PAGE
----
This is the sort of corporate kowtowing that demonstrates how tight the link is between regulation by the State and corporate well-being. Left unsaid in this announcement is the realization that the socialists in Washington have it within their power to simply regulate executive pay in any manner they may wish. The fact that such regulations would be unconstitutional no longer even comes up for discussion. It's as though American businesses have lost their backbone. A generation ago the very idea that the Federal government has the power to place limits on how much money the top employees in a business may make would have been considered laughable. Furthermore, businesses of yesteryear, faced with such an extension of the power of the State would have stood up for their rights and filed suit in court to prevent any such regulations from being put into effect. How the mighty have fallen.

Some will argue that the new rules (a version of which are already in effect for any financial institution that submitted to the State's blackmail and accepted TARP money) aren't any different than other Federal rules that corporations already abide by. What they overlook is that the State has never before (except during WWII and a short time during the Nixon years) set limits on how much money a person is able to earn in the course of legal employment. What is more troubling in some ways, than the restrictions themselves, is the general reaction by the public that “those scoundrels had it coming to them”. The Obama regime is deliberately making this change as a populist act of class warfare. And Americans are falling for it because they fail to realize two things: there is considerable mobility between classes in the U.S. and those who are in the lower ranks of earners today generally move up the ladder to higher paying jobs in the future; and once the State is allowed to regulate compensation in one area or for one class the precedent will be used to gradually lower the limit at which such regulation kicks in. President Obama has already defined $250 thousand dollars as the amount of income which delimits the “wealthy” from everyone else. By using class envy to drive his new regulations President Obama is deliberately pandering to one of the worst emotions of man: envy. This emotion has been considered to be a sin by many as it makes it all too easy to justify shackling those of whom one is envious. President Obama has been at pains to point out that racism has no place in American society and he is to be applauded for that. However, he is deliberately acting to substitute class-envy for racism so as to set the stage for ever more onerous burdens to be placed on the supposed “wealthy” of this nation. Not only is the President introducing a darker, more vindictive tone into the debate over compensation, but he is also greatly extending the extra-constitutional reach of the Federal government. This is yet another example of how little constitutional limitations on Federal power matter to this man whom we are told is a “constitutional law expert”. Once again the powers that be are able to act as they please because they know that the vast majority of the American populace has no idea what is actually written in the Constitution. Because of this ignorance the Obama regime is able to more-or-less make up the rules as it goes along and change the interpretation of existing rules to fit its conception of how things should work.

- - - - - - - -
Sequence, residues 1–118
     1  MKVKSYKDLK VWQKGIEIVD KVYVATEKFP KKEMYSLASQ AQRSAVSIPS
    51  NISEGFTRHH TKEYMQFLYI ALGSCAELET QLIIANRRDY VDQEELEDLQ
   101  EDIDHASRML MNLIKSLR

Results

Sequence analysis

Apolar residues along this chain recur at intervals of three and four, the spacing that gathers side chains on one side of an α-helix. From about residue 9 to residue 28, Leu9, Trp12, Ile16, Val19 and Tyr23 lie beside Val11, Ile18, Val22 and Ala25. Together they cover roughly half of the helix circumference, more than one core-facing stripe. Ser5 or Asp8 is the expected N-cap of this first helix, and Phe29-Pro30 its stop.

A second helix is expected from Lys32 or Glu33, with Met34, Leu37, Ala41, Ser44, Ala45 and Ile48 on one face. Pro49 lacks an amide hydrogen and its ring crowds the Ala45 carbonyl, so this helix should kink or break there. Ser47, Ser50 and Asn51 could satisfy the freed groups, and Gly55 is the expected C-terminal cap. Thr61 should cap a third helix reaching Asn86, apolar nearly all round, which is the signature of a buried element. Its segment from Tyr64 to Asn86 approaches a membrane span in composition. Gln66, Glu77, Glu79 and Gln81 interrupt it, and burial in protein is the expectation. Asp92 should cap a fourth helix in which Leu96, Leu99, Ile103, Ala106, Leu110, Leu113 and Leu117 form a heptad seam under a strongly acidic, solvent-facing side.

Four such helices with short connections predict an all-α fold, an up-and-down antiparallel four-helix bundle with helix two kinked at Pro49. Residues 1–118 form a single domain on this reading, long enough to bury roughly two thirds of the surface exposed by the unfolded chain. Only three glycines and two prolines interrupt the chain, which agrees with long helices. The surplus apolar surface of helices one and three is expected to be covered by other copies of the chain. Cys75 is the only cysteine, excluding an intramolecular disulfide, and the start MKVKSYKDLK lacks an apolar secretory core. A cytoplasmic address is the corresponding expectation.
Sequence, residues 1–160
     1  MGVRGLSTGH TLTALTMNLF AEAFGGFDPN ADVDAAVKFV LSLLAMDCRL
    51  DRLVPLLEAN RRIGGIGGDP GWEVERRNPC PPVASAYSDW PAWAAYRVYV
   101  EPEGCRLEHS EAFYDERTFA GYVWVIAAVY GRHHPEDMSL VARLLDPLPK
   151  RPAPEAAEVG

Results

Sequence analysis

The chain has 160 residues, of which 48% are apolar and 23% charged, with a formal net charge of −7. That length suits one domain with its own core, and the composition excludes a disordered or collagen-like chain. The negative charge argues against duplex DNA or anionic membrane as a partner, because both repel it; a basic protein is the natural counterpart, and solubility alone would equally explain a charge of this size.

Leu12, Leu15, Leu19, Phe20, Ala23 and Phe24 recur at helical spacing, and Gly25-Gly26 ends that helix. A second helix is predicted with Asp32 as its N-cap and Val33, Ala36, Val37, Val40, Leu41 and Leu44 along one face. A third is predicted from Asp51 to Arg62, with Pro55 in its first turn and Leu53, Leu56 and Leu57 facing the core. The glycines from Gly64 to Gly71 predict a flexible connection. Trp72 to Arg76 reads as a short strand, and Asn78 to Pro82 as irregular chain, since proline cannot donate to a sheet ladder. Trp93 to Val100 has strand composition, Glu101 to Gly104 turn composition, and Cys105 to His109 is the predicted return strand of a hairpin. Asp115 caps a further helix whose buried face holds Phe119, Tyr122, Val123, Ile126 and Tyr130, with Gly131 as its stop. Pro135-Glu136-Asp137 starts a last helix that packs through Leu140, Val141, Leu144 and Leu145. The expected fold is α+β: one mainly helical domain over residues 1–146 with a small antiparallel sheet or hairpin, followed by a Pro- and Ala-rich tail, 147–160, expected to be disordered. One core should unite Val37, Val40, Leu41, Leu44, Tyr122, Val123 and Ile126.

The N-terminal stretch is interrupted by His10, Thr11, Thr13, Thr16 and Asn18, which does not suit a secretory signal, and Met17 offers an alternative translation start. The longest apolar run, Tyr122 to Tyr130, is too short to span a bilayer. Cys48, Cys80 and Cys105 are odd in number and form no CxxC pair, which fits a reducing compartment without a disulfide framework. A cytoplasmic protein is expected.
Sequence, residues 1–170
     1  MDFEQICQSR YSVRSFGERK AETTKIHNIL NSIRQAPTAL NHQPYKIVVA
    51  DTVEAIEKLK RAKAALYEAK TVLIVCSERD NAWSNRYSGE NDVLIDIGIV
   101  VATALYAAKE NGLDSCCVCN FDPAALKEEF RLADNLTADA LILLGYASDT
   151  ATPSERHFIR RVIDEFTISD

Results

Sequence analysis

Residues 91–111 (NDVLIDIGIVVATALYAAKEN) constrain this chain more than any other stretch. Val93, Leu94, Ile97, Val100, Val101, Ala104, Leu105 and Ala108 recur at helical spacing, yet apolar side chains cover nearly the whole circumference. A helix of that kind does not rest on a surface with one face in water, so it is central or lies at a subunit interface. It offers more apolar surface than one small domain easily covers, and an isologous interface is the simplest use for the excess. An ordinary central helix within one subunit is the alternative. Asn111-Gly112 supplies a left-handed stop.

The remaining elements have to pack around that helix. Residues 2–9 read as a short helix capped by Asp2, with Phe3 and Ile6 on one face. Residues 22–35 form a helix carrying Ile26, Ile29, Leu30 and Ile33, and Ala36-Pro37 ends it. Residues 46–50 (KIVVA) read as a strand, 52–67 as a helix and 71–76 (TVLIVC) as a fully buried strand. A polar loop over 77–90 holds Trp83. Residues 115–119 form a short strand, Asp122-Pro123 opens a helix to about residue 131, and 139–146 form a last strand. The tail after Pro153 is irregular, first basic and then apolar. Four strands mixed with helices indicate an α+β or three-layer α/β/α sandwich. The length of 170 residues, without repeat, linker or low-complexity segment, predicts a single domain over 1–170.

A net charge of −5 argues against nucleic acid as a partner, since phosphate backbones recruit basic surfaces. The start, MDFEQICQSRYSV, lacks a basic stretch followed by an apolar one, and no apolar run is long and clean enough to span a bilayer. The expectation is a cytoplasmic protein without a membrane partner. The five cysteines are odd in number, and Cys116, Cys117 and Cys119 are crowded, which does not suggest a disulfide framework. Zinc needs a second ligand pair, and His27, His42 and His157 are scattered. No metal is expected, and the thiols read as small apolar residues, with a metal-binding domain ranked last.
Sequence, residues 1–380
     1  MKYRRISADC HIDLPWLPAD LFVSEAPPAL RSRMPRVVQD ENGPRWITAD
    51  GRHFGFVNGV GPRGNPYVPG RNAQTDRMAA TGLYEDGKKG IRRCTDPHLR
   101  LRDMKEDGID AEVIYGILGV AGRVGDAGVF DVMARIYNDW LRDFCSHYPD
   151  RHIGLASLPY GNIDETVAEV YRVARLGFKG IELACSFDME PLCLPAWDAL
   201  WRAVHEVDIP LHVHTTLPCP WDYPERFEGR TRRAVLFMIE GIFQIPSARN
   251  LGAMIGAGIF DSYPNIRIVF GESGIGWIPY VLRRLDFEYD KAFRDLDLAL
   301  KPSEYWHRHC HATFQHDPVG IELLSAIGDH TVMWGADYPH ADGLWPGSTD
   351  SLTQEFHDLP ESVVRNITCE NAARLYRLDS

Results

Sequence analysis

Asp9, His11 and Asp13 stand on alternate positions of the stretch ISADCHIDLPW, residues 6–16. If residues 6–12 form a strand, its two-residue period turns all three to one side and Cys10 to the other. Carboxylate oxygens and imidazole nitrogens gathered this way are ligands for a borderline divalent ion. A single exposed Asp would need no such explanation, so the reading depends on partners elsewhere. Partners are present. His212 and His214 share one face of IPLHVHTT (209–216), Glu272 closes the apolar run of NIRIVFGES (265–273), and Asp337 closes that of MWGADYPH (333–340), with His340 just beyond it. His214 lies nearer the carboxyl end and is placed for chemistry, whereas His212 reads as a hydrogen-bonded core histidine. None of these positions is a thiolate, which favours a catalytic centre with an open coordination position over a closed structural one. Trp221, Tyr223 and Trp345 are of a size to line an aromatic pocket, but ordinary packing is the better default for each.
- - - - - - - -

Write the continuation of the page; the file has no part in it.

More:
There are many Americans who think that strict limits should be placed on executive pay. They cite supposed gaps between performance and compensation, a lack of oversight of pay packages by corporate boards of directors, and how “unfair” it is that some executives make millions of dollars a year while other employees work for far less. According to the thinking of such people all of these “problems” are best addressed by extending the power of the State over business activities. What they overlook is that the corporations themselves do not seem to view the situation with alarm – something which would be happening if any of these businesses felt endangered by the levels of executive compensation they are dispensing.

It is entirely possible for boards of directors to discuss in great detail the amount of money to be paid to a member of upper management and reduce the amount if they feel that it is out of line with the benefits that they anticipate the new employee will bring to the company. The pay scales of upper management in American businesses are high because the amounts of money which these people can make for their employers is also high. It is not unreasonable to pay a manager who brings in $700 million dollars of new business or introduces similar operational savings to the bottom line of a company $300 million. From the standpoint of the company they've gotten a bargain and it should not be anyone else's view which prevails in the setting of the wage – outsiders are not privy to all of the information available to a corporate board, nor are they affected by the amount of compensation given out. Once again Americans are falling victim to the liberal credo that outside third parties know what is the best course of action for other to take. Once again the State is usurping power which rightfully belongs to others. And once again Americans are being suckered into giving up yet more liberty – this time by the promise that they'll get to watch as greedy corporate executives “get theirs”. In the end the only certainty is that the Federal government will have further expanded its powers at the expense of the American public.

Pushing the "Reset" button